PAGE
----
A classmate of mine who got his Ph.D. in natural-language processing and now works at Google told me the following. It might be out of date and I might be remembering it wrong. But I just did a little, er, googling, and this seems to be passably well corroborated by other sources.
How it works
Google Translate is completely statistical. It has no model of grammar, syntax, or meaning. It works by correlating sequences of up to five consecutive words found in texts from both languages.
Here's the conceit. Ignore all the complexity, structure, and meaning of language and pretend that people speak just by randomly choosing one word after another. The only question now is how to calculate the probabilities. A simple way is to say that the probability of each word is determined by the previous word spoken. For example, if the last word you said was "two", there is a certain probability that your next word will be "or". If you just said "or", there is a certain probability that your next word will be "butane". You could calculate these word-to-next-word probabilities from their frequencies in real text. If you generate new text according to these probabilities, you'll get random but just slightly coherent gibberish: TWO OR BUTANE GAS AND OF THE SAME. That's called a Markov model. If you use a window of more words, say five, the resulting gibberish will look more likely to have been written by a schizophrenic than by an aphasic. A variation called a hidden Markov model introduces "states", where each state has its own set of probabilities for "emitting" words as well as a set of "transition" probabilities for what will be the next state. This can simulate a little more of the influence of context on each word choice.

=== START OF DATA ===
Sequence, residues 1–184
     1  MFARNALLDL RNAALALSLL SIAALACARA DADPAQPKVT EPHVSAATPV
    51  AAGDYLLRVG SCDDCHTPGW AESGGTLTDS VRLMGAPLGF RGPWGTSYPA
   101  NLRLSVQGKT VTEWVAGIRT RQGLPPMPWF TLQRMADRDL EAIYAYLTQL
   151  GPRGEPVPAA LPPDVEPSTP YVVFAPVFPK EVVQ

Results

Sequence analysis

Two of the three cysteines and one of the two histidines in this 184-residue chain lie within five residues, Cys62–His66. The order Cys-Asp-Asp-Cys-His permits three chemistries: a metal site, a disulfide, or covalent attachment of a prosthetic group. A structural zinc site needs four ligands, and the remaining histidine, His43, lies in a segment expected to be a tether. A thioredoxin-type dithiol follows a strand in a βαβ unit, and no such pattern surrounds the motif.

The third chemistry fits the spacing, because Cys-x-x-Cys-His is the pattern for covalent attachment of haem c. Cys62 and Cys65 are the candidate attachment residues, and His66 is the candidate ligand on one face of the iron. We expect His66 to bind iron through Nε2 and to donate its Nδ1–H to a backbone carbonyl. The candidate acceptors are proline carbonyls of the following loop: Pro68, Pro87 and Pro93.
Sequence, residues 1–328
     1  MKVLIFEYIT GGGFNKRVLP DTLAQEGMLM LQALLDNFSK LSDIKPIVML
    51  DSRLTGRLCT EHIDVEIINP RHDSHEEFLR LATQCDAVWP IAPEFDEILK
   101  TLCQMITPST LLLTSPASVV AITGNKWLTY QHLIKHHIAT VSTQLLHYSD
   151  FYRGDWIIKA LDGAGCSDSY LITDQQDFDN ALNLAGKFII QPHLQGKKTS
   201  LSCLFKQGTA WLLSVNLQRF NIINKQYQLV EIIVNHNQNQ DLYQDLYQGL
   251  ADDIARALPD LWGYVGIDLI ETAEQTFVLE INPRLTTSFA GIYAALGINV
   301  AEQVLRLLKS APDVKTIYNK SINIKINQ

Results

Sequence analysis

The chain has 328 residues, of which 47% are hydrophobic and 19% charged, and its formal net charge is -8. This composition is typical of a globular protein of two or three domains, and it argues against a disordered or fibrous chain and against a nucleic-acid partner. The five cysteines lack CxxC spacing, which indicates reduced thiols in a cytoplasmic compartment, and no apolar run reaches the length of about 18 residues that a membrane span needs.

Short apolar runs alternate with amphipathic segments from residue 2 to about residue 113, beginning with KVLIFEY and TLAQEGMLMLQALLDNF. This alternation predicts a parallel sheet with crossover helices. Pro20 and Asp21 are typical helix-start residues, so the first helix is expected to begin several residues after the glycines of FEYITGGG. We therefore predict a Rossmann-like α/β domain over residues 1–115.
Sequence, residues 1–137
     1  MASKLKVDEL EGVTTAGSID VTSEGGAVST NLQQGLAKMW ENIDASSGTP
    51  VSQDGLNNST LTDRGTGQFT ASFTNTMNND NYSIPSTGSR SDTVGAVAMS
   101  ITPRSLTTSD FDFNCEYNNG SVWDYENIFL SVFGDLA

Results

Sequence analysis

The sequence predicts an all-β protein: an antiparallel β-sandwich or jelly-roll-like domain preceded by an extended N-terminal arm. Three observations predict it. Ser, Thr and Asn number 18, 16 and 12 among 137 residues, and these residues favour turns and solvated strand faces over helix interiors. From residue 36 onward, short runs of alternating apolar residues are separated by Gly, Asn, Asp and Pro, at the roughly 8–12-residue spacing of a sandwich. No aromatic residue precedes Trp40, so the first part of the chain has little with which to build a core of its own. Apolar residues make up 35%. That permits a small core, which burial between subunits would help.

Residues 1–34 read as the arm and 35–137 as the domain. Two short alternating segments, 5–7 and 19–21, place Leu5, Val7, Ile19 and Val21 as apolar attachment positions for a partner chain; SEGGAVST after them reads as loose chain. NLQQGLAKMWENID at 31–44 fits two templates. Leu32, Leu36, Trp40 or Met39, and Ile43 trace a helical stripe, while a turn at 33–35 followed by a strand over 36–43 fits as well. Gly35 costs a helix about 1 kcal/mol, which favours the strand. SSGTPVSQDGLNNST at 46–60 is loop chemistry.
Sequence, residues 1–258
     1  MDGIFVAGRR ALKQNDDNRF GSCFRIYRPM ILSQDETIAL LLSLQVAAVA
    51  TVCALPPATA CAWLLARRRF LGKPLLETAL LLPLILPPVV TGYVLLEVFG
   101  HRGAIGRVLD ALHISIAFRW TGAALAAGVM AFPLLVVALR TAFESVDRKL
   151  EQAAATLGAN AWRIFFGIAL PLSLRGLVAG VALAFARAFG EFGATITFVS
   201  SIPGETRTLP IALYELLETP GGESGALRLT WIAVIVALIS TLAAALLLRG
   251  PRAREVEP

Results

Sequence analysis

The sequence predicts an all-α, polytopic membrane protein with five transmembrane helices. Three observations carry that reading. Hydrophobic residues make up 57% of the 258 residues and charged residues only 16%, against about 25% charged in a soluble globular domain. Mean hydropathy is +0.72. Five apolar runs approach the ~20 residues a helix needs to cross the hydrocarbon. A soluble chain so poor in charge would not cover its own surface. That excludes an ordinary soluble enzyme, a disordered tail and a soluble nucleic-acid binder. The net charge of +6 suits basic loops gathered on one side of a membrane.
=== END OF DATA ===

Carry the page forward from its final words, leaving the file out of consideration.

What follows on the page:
Google Translate's algorithm is proprietary, and I think it's a little more sophisticated than hidden Markov models, but the principle is the same. They let computers run on lots of text in each language, assigning probabilities to word sequences according to the principle "Assuming this text was generated by a random gibberish-generator, what probabilities maximize the chance that this exact text would have been generated?" Manually translated texts provide data to line up word sequences in one language with word sequences in another. Translation, then, is finding the highest-probability sequence from one language's gibberish-generator that corresponds to whatever makes the other language's gibberish-generator produce the input text.
What it's reliable for
Consequently, you won't learn much about what Google Translate is reliable for by trying out different grammatical structures. If you're lucky, all you'll get from that is an ELIZA effect. What Google Translate is most reliable for is translating documents produced by the United Nations between the languages in use there. This is because UN documents have provided a disproportionately large share of the manually translated texts from which Google Translate draws its five-word sequences.
Witness what happens when I type this in:
À l'exception de ce qui peut être convenu dans les accords particuliers de tutelle conclus conformément aux Articles 77, 79 et 81 et plaçant chaque territoire sous le régime de tutelle, et jusqu'à ce que ces accords aient été conclus, aucune disposition du présent Chapitre ne sera interprétée comme modifiant directement ou indirectement en aucune manière les droits quelconques d'aucun État ou d'aucun peuple ou les dispositions d'actes internationaux en vigueur auxquels des Membres de l'Organisation peuvent être parties.